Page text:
Friday, June 24, 2016

Review: Dangerous Journalism

By Michael Block

Unless you are disconnected from news media, you’ve likely heard of the Rolling Stone article saga known as “A Rape on Campus.” An article was published in the magazine about a group sexual assault at the University of Virginia that the author and publisher later discredited and retracted. The article began a firestorm that opened up a brazen discussion on campus rape culture and the power of journalism in the age of social media. Written by Kim Davies, Abingdon Theatre Company in association with The Muse Project presents Stet, an exploration of a journalist’s journey of writing the perfect cover story.
Taking artistic liberties that are slightly skewed from the real events, Stet is a relevant saga about focusing on the media perspective as a journalist writes a risky cover story about an allegation that has the ability to shatter more lives. After her editor suggests she write a story about rape culture following the tale of a young woman named Ashley, Erika goes down the rabbit hole of truths and lies in order to gain the cover story. Developed by Kim Davies, Jocelyn Kuritsky, and Tony Speciale and written by Davies, Stet is a engaging ninety minute drama where the end game is clear but the pieces to complete the puzzle are the intrigue. Stet exemplifies the frustratingly broken systems. Whether it be at the university level, the power of journalism, or the wonder that is the 24-hour news cycle and social media, Stet takes the audience on a journey through the power of words. Perhaps simply due to the nature of the story, Davies’ storytelling was done through interviews and one-on-one interactions. It's a shame that the documentary style storytelling lacked character development for Erika, or any of the characters for that matter. There are glimpses of journey as certain characters disclose their past but when it comes to Erika, she seems to have a one-track mind that gets in her own way. Despite the structure, Davies’ colloquial language fits this play perfectly. Each character has a distinct and genuine voice. Davies’ does an impeccable job keeping the stakes heightened, even if you know the outcome. With little twists and turns, what keeps you on the edge of your seat is how the individuals react to the situations. Trying to decipher the truths allows you to feel as if you are Erika herself.
photo by Ben Strothmann
Erika is a tough as nails manipulative generalizing journalist. She is cold as ice. Erika has a job to do and will stop at nothing to succeed and get the cover. If her morals get in the way, she finds a way to suppress them. As our antagonist, Erika needs to have a semblance of likeability. You need to be able to know that whether she likes it or not, she has a mission. Unfortunately, Jocelyn Kuritsky’s characterization was so icy that by the time her past began to unravel, it was likely you painted her as conniving. And it didn’t go far enough to be a villain you love to hate. There was turmoil for Kuritsky’s Erika but we didn’t get to see enough of it on stage simply due to the nature of the piece. As the boss man with an agenda, Bruce McKenzie’s Phil was granted some character twists that he capitalized on. McKenzie played hardball with Erika yet was a viable confident. When Phil’s true beliefs were revealed, that’s when excitement came out. McKenzie brought a well-rounded performance. To reign in the piece, Davies didn’t go overboard with the amount of interviewees. We were given a trio of young voices that offered varying perspectives. From the vantage point of the accuser, Ashley, Lexi Lapp was smartly used sparingly. When she was present she gave Ashley a feeling of uneasiness. And that uneasiness allowed the audience to question the validity of her statements. As a frat boy trying to make a change, Jack Fellows embodied fraternity life without becoming a caricature. Playing the youthful university guidance aid, Dea Julien brought out something interesting in Christina. When talking about validity, Christina never seemed credible. But When Julien was gifted a stunning monologue, her vulnerability was onstage magic.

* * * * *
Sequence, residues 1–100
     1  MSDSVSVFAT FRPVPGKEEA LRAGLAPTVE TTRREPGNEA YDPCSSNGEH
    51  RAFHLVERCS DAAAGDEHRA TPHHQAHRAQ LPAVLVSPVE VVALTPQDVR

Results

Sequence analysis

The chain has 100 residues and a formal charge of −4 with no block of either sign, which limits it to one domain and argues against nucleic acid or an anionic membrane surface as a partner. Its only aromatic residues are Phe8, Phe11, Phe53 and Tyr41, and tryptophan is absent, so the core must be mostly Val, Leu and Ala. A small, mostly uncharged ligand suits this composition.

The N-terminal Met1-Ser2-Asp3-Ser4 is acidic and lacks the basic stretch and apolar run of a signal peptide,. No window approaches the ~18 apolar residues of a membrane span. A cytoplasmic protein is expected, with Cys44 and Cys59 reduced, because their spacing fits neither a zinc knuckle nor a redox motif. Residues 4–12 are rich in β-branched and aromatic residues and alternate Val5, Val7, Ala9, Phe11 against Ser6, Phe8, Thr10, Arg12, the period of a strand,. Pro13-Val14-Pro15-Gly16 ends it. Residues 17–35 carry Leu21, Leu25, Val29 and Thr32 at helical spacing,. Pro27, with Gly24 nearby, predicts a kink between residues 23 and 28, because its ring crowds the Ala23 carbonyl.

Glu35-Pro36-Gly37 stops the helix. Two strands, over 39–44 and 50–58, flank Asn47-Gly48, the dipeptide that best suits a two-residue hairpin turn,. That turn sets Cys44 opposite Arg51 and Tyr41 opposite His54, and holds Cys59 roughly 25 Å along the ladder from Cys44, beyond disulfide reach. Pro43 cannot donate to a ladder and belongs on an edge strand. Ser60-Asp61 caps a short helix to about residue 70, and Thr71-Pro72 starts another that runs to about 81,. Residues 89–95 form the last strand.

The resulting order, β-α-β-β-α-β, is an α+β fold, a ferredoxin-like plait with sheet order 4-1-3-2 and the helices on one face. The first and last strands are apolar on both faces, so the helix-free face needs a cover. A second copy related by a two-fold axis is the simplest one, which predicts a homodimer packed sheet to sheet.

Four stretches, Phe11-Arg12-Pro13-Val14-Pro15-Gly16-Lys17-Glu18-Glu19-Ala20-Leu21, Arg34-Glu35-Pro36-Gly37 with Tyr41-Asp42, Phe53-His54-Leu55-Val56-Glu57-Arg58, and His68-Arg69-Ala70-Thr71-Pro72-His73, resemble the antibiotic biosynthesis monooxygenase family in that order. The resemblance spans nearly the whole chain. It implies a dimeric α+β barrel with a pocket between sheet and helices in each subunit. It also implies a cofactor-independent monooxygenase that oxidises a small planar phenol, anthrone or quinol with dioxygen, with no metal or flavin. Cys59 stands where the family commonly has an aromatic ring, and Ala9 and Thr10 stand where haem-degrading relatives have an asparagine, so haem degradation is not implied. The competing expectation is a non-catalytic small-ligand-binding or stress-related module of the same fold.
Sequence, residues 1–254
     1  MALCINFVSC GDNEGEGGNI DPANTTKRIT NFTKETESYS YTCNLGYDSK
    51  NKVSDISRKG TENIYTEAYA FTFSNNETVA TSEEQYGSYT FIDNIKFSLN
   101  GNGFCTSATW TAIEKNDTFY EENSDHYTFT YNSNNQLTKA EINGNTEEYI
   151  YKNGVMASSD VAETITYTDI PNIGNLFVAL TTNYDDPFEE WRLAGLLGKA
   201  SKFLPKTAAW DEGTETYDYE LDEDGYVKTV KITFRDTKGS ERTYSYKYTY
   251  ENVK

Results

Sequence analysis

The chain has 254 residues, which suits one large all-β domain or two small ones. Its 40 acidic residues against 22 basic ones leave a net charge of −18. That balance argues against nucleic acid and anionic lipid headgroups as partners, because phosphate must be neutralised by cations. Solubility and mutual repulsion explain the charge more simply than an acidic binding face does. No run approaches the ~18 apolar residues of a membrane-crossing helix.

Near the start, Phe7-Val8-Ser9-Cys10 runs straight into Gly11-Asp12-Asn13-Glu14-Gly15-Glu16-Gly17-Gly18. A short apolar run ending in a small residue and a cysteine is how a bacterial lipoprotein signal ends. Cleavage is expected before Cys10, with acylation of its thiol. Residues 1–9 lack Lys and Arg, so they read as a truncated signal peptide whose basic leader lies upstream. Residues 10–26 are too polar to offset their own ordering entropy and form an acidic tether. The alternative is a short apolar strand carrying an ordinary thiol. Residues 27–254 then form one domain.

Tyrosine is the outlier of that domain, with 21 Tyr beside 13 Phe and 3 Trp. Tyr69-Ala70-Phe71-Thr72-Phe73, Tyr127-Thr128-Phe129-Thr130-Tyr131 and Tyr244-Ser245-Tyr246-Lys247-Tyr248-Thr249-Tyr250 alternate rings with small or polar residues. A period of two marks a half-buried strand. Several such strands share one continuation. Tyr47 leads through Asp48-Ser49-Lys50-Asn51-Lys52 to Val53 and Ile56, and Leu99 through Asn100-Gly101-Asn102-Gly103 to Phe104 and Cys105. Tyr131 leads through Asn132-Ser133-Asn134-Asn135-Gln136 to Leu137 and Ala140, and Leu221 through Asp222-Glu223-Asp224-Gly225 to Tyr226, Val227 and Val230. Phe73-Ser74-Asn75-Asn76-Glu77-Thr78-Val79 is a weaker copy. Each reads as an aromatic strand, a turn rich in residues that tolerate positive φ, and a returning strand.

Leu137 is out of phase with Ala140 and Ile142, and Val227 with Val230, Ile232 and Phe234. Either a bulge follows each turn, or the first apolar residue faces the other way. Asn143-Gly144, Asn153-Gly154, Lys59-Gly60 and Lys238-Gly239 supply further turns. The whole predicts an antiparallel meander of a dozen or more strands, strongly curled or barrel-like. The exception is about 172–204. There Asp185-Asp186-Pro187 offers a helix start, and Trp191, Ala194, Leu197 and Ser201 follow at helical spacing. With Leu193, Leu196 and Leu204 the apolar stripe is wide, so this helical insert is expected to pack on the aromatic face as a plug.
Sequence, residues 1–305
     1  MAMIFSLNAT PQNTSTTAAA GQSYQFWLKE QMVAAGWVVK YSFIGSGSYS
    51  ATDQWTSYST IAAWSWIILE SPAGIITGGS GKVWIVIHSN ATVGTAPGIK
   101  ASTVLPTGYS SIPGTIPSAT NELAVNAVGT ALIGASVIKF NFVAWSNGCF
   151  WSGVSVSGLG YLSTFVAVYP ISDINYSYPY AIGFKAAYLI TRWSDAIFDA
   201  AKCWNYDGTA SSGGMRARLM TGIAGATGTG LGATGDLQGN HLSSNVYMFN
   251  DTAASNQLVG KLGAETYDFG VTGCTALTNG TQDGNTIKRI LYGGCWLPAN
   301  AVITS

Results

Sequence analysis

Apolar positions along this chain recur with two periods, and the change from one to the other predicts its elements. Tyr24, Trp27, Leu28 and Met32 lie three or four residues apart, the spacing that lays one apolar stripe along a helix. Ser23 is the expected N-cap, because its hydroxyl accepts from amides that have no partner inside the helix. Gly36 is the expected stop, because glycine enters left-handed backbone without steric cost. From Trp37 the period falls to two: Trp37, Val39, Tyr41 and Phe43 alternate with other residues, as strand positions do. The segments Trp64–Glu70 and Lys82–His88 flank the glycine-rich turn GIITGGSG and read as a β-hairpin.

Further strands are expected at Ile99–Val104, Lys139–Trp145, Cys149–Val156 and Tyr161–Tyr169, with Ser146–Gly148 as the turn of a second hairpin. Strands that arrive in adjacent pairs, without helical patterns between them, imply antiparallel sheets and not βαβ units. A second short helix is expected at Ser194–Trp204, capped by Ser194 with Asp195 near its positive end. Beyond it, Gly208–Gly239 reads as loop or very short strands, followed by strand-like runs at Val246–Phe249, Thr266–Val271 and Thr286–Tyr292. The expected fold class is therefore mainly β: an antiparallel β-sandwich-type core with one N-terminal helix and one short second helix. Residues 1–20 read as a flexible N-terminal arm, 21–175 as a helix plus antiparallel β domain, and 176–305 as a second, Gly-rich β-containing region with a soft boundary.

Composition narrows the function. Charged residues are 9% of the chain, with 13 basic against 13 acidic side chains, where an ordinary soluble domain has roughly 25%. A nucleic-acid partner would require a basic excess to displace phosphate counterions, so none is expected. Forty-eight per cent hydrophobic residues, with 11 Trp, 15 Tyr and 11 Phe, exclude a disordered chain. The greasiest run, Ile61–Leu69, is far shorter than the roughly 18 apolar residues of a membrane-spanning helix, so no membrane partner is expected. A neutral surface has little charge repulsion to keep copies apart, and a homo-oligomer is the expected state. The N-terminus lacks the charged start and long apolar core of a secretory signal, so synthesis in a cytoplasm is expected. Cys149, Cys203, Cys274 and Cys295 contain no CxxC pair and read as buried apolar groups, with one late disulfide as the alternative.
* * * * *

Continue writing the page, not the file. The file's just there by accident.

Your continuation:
The moment with Christina on the floor with the recorder was on of director Tony Speciale’s defining moments. Speciale brought a fascinating use of fluidity and power levels with staging. He strategically had each character in a specific chair, placement in the room, or height to define their power in the scene. The play moved swiftly with Speciale’s strong vision and his gifted creative team. It all starts with Jo Winiarski’s scenic design. The super sleek monochromatic conference room with touches of wood and brick for color were reimagined to portray various locations. At first glance, it appeared that we were going to be stuck in a conference room for ninety minutes but Speciale, Winiarski, and the tag team of lighting designer Daisy Long and projection designer Katherine Freer made this multi-locational play come to life. Long’s looks fit the moods while Freer’s design was clean and intentional. In a world with ever-developing theatrical technology, Freer’s design elevated this production.
Stet is one of those plays that benefits from the “ripped from the headlines” formula but sometimes sticking too closely can be costly. Stet is a must see story that will fire you up in some capacity.


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